GMO Labeling: A Case of Asymmetric Information and the "Nudge"

  • Katherine Hartman
Keywords: genetically modified organisms, GMO, labeling, asymmetric information, nudge, singaling, market failure, behavioral economics


From their introduction in the late 1990s, foods containing genetically modified organisms (GMOs) have sparked debate among advocates and policymakers. To correct information asymmetry inherent in the current system of selling genetically modified (GM) and non-GM foods alongside each other with no consistent signal of quality across food products, many have suggested—and the European Union and Japan have implemented—labeling regimes. This paper takes the position that consumers’ empirically supported desire (for reasons ranging from nutritional to religious) to avoid GM goods substantiates a market failure resolvable through information provision. Then, it examines labeling through Akerlof’s “Lemons” model and the behaviorist concept of the “nudge.” It concludes that mandatory labeling would maximize social welfare, enabling informed purchasing for all consumers (not only those who shop at more expensive grocers initiating private labeling). Finally, the paper discusses labeling regime implementation—including label design, product purity baseline setting, administration, and consequences.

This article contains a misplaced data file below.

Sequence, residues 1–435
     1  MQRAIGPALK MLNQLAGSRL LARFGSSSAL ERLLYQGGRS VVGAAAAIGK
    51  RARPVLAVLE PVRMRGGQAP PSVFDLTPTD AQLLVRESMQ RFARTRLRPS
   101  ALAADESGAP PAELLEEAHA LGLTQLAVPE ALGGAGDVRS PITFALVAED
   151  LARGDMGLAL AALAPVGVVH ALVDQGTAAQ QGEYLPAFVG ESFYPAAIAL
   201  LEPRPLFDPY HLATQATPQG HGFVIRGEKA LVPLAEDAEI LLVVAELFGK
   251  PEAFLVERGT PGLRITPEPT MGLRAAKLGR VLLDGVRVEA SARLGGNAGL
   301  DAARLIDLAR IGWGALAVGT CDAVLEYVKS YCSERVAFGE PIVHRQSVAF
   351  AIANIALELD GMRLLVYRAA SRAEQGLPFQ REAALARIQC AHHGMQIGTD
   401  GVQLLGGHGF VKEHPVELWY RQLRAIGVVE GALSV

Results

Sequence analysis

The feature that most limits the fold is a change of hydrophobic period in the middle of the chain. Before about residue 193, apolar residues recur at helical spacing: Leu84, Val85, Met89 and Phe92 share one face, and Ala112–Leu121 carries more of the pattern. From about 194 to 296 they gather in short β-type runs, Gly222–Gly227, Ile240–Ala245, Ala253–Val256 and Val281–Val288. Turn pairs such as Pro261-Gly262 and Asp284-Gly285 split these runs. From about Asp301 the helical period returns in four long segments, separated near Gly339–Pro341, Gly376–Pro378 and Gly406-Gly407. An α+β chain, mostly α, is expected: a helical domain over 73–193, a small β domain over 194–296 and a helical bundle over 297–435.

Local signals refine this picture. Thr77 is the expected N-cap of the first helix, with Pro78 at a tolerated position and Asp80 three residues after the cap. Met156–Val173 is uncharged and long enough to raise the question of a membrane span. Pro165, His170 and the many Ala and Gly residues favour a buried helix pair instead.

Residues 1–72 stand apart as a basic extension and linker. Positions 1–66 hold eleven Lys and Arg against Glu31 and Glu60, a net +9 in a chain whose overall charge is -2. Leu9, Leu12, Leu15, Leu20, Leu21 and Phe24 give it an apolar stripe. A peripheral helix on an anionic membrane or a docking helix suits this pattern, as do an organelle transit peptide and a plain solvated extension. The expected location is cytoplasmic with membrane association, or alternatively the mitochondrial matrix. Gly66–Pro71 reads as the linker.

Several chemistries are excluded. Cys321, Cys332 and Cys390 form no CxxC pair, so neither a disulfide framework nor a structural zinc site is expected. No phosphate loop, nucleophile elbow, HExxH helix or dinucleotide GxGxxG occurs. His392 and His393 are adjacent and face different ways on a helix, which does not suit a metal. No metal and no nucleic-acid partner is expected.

Author Biography

Katherine Hartman

Katherine Hartman is a second year student in the George Washington University’s Master of Public Administration program. She has worked in the statistical and science policy branch of White House Office of Management and Budget’s Office of Information and Regulatory Affairs, as well as the George Washington Institute of Public Policy and the Consumer Financial Protection Bureau, during her graduate career. On campus, Katherine has served as the Trachtenberg Student Organization’s professional development co-chair and co-founder of the Women’s Leadership Fellows program. She plans to work in federal management consulting after graduation.

The author thanks Dr. Gerald Brock, for whose course she wrote this paper and who encouraged her to submit her draft to Policy Perspectives. She also thanks Dr. Stephanie Riegg Cellini, in whose class she first encountered GMO labeling, as well as her responsive faculty reviewer (and fellow Maroon) Dr. Marvin Phaup. On the Policy Perspectives editorial team, the author thanks Laura Saltzman, her thoughtful editor, as well as Editor-in-Chief Brandon Kruse and Managing Editor Tanya Harris Joshua for their dedication and guidance. On a personal note, the author thanks her mentors at GWIPP, OMB, and the Trachtenberg School of Public Policy and Public Administration for their active encouragement, as well as the patient friends who continue to associate with her despite innumerable conversations about food. Finally, the author thanks her wonderful family, who have given her the greatest unconditional love and support for which a person could wish—and muddled through the many difficult culinary experiences to which she has subjected them from early childhood.